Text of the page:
Place:Blanchland, Northumberland, England

Alt namesShotley High Quartersource: alternate name for township
TypeTownship, Chapelry, Civil parish
Coordinates54.848°N 2.055°W
Located inNorthumberland, England
See alsoBywell St. Andrew, Northumberland, Englandancient parish in which it was a township
Tynedale Ward, Northumberland, Englandancient county division in which it was located
Hexham Rural, Northumberland, Englandrural district of which it was part 1894-1974
Tynedale District, Northumberland, Englanddistrict municipality covering the area 1974-2009
source: Family History Library Catalog
the text in this section is based on an article in Wikipedia

Blanchland is a village in Northumberland, England, on the border with County Durham. The population of the civil parish at the 2011 UK census was 135.

Set beside the river in a wooded section of the Derwent valley, Blanchland is an attractive small village in the North Pennines Area of Outstanding Natural Beauty.

Blanchland was formed out of the medieval Blanchland Abbey property by Nathaniel Crew, 3rd Baron Crew, the Bishop of Durham, (1674-1722). It is a conservation village, largely built of stone from the remains of the 12th-century Abbey. It features picturesque houses, set against a backdrop of deep woods and open moors. Located near the Derwent Reservoir, it provides facilities for sailing and fishing.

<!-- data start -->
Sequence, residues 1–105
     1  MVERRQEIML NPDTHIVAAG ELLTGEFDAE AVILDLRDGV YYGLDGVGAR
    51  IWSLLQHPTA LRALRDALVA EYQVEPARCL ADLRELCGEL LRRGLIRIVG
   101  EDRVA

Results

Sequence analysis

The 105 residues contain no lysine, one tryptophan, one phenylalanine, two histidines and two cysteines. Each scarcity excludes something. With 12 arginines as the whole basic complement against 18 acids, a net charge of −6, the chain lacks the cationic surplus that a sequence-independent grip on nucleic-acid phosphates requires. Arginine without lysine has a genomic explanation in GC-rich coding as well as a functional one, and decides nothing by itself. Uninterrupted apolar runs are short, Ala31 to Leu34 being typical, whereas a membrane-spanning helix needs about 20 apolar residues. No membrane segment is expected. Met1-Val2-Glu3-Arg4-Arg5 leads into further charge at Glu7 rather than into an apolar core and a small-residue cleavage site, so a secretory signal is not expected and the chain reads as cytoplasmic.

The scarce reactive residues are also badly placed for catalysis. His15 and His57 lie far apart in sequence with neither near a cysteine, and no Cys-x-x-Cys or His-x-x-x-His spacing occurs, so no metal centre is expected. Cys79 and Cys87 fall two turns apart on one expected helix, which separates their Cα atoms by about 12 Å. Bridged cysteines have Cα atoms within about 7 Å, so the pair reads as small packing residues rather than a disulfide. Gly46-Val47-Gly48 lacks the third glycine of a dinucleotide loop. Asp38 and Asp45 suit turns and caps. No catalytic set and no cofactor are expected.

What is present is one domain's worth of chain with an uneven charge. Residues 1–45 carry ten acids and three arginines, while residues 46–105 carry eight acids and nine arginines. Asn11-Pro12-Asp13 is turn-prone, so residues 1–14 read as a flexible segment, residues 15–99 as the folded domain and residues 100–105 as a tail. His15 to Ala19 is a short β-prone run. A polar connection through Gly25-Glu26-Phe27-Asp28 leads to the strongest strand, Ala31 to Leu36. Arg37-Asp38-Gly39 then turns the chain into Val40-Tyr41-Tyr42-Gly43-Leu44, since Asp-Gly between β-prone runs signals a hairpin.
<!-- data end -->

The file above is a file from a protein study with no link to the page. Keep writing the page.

Blanchland was the main village of the township and parish of Blanchland, which was also know as Shotley High Quarter. It was originally a township (and a chapelry) in the ancient parish of Bywell St. Andrew. It became a separate civil parish in 1866. From 1894 until 1974 the parish was part of Hexham Rural District. In 1974 rural districts were abolished and Blanchland became part of the Tynedale District until 2009 when Northumberland became a unitary authority.

A Vision of Britain through Time provides a long description of Blanchland from John Marius Wilson's Imperial Gazetteer of England and Wales of 1870-72.

Research Tips

  • Northumberland Archives previously known as Northumberland Collections Service and Northumberland County Record Office. Now based within Woodhorn Museum in Ashington and providing free access to numerous records for local and family historians alike.
Full postal address: Museum and Northumberland Archives, Queen Elizabeth II Country Park, Ashington, Northumberland, NE63 9YF; Phone: 01670 624455
There is a branch office in Berwick upon Tweed.
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